The passenger service agents at American Airlines can hold a union representation vote as a result of a federal appeals court ruling.
The ruling reverses a lower court judge's opinion that the National Mediation Board needed to implement a new law passed in February that required unions to collect authorization cards from 50 percent of its workers. The NMB was using the previous standard, 35 percent, since the union filed the election application in December, prior to the law being passed.
The Communications Workers of America is trying to organize American's 9,700 customer service and gate agents. The NMB had originally planned to hold the vote from June 21 to Aug. 2 but American filed a lawsuit, claiming that the new standard should be used.
"Now, the National Mediation Board can go forward with the election process that had been wrongly denied American Airlines passenger service agents since they filed for union representation in December 2011," the union said in a statement.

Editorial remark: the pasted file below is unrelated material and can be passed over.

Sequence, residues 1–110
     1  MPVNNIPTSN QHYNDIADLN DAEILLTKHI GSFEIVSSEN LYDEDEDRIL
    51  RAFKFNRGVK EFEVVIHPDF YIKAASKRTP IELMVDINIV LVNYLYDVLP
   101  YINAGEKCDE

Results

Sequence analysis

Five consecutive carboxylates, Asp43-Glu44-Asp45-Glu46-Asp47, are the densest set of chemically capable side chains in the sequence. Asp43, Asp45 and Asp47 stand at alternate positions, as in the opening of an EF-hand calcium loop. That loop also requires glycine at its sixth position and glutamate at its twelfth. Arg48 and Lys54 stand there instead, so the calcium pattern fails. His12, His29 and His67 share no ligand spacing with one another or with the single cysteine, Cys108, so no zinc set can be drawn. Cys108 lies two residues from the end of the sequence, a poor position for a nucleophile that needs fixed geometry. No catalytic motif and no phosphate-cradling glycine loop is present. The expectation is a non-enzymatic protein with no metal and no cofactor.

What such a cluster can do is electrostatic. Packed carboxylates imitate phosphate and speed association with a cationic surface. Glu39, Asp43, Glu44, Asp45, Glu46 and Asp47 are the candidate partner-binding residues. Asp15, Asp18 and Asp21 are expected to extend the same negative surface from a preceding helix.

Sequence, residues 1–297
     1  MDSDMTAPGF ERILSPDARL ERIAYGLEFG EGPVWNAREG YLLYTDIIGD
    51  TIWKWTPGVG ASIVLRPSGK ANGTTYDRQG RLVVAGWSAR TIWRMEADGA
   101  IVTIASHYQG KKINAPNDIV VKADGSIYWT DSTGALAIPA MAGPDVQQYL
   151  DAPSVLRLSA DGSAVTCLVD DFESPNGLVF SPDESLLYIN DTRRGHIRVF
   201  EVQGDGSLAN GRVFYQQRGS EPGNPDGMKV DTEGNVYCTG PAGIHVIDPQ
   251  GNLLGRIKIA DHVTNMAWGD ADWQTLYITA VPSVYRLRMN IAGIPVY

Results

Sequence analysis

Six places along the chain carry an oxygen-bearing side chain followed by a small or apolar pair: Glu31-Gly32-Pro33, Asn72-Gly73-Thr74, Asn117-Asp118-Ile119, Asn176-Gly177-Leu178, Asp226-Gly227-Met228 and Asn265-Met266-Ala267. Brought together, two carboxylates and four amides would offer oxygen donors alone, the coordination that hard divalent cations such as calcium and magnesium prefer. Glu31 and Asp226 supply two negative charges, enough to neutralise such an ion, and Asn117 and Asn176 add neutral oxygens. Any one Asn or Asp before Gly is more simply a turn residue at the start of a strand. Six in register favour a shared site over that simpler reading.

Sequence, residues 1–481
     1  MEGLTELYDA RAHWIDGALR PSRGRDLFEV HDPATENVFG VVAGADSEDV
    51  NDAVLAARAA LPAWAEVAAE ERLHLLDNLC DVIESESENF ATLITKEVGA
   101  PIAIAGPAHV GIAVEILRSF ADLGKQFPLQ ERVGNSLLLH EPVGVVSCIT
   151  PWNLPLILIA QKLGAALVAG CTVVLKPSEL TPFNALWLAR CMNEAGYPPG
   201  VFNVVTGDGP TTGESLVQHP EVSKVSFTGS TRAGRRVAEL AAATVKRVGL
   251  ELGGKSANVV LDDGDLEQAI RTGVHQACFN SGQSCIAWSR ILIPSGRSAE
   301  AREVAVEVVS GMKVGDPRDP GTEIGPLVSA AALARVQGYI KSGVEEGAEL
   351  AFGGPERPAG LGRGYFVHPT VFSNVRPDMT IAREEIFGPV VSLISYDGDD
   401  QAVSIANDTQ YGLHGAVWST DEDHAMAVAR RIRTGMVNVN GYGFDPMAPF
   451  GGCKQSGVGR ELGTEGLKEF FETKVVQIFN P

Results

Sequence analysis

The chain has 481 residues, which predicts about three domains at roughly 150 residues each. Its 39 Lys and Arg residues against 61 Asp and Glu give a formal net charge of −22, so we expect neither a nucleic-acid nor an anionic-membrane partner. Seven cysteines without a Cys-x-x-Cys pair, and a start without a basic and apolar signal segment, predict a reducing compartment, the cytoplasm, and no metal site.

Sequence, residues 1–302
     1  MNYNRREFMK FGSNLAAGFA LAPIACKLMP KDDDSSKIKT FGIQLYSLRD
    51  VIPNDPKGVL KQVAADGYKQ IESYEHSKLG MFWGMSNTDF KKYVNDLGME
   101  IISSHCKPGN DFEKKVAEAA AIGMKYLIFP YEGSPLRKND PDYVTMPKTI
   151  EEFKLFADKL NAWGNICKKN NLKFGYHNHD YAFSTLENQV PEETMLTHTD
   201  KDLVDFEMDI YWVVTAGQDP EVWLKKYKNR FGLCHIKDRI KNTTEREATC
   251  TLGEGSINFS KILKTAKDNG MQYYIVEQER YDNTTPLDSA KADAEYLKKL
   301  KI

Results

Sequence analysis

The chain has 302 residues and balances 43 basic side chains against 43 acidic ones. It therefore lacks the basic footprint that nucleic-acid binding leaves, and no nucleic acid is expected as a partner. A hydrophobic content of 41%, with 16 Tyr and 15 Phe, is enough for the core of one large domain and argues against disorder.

A date has not been set by the NMB for a new union representation election.
In its decision, the Fifth Circuit Court of Appeals said the lower court judge did not have jurisdiction to rule on American's lawsuit. Citing another case, the appeals court said judicial review of an NMB decision "is only appropriate where there is a 'plain violation of an unambiguous and mandatory provision of the statute,' or in other words, where the NMB has committed 'egregious error.'"
The court vacated the district court's ruling and sent the case back to the district judge instructing him to dismiss the complaint for "lack of subject matter jurisdiction."